Syllabus: ASTR 5460: Fall 2007


Instructor:                     Michael Brotherton

Office:                          217 Physical Sciences

Phone:                          766-5402

E-mail:                (best way to contact me)

Websites:            (course materials here under ASTR 5460 link!)

Office Hours:               MWF 1:30-2:30PM, or by appointment

Lectures:                      MWF 10:00AM-10:50AM Cinnamon Room (unless otherwise noted)

Text:                            Introduction to Cosmology, by Barbara Ryden

Course Content

The course title officially is Galactic Structure and Evolution; Cosmology. We're likely to add a second semester to this in the very near future and are currently teaching this course with a sole focus on Cosmology. Galaxies will be the focus of the second semester, and Mike Pierce's course “Stars and the Milky Way” also covers a lot of galaxy topics. One semester is barely sufficient for a basic coverage of cosmology needed for graduate students working in astronomy.


I expect regular attendance at lectures. Sometimes things come up, I know, and when they do please let me know as soon as possible and arrange to make things up when necessary. Lecture will be a mix of traditional lecture, blackboard work, rarely powerpoint slides, and should be interactive. There may be some computer work from time to time in class as well (when we'll meet in the computer lab).

Homework and other Assignments

I will assign regular homework, but not necessarily something every single week. More often I will have homework every other week, but also have special assignments that could involve programming or data analysis, or writing assignments. In addition to the textbook readings, there may be extra reading (e.g., journal articles). The reading is not likely to be graded (but watch out for homework or exam questions to test this) but is very important – I can’t cover everything in class.


There will be two exams, a midterm and a final. The final will not be cumulative. Both will be closed book and timed. I’m likely to make these take-home exams on an honor code.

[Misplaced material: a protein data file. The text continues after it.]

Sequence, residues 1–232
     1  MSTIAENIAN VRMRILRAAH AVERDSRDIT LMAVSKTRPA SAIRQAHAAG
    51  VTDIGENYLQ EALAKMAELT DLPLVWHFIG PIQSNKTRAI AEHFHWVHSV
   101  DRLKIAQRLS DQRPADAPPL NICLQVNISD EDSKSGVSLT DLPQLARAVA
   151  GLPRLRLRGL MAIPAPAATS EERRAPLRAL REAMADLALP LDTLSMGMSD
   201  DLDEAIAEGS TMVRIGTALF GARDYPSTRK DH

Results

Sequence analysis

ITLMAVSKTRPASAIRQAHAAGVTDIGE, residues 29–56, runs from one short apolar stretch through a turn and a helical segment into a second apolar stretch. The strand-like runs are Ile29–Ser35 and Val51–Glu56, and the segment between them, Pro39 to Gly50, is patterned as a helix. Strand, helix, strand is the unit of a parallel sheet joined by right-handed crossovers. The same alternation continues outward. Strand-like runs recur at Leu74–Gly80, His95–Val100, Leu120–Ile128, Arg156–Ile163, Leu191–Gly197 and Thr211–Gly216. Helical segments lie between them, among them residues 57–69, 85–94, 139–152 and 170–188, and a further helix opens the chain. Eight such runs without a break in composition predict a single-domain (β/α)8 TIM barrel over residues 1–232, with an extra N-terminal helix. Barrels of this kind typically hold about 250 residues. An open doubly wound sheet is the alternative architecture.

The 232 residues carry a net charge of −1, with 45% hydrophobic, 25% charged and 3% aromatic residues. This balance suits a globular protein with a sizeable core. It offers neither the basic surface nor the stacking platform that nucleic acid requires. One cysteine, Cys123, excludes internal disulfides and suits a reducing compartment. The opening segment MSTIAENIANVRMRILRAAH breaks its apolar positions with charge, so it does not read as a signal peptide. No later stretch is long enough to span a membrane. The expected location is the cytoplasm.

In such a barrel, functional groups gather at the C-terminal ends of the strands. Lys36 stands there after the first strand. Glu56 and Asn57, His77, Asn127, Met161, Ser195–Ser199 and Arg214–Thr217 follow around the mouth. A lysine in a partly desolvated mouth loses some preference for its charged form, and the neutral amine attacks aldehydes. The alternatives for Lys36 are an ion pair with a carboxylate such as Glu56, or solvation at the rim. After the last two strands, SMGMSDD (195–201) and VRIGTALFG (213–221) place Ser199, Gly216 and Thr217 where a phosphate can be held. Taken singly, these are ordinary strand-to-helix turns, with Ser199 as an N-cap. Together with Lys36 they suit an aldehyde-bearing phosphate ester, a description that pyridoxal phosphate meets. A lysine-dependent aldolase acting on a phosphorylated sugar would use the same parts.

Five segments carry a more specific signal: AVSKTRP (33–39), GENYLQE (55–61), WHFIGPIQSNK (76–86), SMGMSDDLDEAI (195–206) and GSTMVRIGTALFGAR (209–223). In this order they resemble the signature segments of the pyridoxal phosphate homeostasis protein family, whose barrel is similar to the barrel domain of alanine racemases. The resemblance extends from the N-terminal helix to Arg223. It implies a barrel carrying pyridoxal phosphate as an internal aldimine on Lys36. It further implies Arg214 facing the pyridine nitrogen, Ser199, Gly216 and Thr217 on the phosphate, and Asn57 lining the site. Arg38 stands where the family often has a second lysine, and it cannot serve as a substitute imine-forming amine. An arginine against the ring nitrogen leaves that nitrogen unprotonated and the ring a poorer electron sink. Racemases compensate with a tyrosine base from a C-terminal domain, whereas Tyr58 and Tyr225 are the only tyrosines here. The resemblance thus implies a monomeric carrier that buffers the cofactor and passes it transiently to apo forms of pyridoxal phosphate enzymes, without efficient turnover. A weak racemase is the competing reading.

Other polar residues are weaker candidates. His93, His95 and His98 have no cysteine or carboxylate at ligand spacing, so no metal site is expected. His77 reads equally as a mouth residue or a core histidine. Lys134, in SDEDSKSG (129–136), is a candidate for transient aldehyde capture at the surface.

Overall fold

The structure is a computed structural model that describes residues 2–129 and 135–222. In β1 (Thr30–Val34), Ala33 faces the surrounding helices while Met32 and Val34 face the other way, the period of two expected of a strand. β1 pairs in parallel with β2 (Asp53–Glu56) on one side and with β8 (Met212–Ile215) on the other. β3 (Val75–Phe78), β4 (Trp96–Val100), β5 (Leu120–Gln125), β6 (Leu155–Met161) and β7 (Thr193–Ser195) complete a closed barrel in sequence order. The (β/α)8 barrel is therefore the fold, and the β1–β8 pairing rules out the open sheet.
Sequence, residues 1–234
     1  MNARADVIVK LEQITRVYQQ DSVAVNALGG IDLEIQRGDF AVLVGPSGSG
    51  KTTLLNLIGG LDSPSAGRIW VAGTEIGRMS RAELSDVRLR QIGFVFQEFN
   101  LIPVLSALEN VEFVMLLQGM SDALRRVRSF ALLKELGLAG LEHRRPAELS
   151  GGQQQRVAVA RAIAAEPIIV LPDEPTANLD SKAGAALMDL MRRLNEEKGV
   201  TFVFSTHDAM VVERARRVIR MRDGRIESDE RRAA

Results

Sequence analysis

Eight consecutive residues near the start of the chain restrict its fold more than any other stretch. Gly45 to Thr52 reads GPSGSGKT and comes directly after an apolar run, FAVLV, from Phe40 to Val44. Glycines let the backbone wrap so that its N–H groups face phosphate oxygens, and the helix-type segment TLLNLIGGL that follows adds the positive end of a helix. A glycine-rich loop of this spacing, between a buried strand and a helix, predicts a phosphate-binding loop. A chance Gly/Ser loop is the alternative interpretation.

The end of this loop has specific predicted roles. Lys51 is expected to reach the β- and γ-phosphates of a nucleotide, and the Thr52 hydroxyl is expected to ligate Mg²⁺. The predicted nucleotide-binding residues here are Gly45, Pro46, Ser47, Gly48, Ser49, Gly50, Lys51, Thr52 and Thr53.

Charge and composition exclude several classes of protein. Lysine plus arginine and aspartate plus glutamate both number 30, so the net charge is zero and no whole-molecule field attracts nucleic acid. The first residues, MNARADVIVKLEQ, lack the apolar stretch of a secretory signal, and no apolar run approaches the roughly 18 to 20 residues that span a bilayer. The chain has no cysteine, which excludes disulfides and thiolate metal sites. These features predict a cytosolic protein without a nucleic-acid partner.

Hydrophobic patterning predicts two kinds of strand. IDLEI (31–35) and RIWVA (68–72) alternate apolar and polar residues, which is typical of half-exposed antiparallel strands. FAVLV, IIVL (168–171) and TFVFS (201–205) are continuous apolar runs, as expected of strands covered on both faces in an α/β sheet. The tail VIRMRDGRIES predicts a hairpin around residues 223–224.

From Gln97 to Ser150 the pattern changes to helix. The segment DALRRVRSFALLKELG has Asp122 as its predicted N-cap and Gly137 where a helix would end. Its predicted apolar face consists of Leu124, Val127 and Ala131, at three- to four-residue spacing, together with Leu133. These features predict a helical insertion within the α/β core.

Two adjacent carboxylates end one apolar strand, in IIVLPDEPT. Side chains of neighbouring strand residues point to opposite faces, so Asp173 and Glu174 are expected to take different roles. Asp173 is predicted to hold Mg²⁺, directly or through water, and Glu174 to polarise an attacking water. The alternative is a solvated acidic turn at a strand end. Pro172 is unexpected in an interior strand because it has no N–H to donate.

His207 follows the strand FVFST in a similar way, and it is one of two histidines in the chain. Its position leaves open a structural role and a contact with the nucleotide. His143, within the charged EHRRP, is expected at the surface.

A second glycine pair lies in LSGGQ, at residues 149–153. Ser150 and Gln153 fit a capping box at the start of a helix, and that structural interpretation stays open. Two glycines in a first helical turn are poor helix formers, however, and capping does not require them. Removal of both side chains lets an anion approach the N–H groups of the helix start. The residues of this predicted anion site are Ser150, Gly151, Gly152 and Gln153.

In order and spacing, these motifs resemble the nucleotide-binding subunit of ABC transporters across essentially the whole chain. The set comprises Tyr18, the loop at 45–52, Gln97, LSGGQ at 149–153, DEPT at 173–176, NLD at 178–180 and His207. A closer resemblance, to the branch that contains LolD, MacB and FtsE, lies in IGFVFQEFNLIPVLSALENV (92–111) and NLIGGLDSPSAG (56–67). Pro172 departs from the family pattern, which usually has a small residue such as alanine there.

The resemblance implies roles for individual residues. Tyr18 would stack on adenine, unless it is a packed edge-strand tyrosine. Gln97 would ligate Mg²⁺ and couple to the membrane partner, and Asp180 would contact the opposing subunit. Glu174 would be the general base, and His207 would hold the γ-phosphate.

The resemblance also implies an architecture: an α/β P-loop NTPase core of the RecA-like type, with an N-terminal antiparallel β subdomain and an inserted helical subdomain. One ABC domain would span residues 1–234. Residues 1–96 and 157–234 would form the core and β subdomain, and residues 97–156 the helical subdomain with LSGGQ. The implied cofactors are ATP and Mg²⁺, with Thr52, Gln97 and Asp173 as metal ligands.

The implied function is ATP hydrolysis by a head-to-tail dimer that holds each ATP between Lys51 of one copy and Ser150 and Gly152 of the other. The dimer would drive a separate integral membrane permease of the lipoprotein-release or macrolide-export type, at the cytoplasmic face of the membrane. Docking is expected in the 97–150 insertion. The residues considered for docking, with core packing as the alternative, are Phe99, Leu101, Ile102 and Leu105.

The grading scheme will be:

A = 80+

B= 70-80

C = 60-70

D= Under 60

I tend to round up, and I may curve final grades. The exams will count equally, and total 60% of your grade. Homework and projects will count for 40%, so do your homework well!

Special Accommodations

If you have a physical, learning, or psychological disability and require accommodations, please let me know as soon as possible.  You will need to register with, and provide documentation of your disability to, University Disability Support Services (UDSS) in SEO, room 330 Knight Hall, 766-6189, TTY: 766-3073

About Me

I am an observational astronomer specializing in the study of quasars and other types of active galaxies thought to be powered by super-massive black holes.  I received my PhD from the University of Texas at Austin and have previously worked at Lawrence Livermore National Laboratory and Kitt Peak National Observatory.  I've really used the Very Large Array (the "VLA", a radio telescope in New Mexico featured in the movie Contact), the Hubble Space Telescope, and the Chandra X-ray Observatory, so I can provide you with first-hand details not found in textbooks.  I'm also a science fiction writer — my first novel Star Dragon is about an expedition to a distant binary star system.  My second novel Spider Star coming out in March 2008 features a dark matter planet.


Course Topics in order

Cosmology from Ryden

The textbook is good, the right length, and for about 85% of the course we'll be following it closely. We'll make some excursions into the Hubble Law, programming and line fitting, and issues involving the microwave background power spectrum. Otherwise, here are the topics: Introduction and Fundamental Observations, Gravity and intro to general relativity (light version), Cosmic Dynamics, Simple and Complex Universes, Cosmological Parameters and our Universe, Forms of matter in the Universe, Cosmic Microwave Background, Big Bang Nucleosynthesis, Inflation, and Structure formation.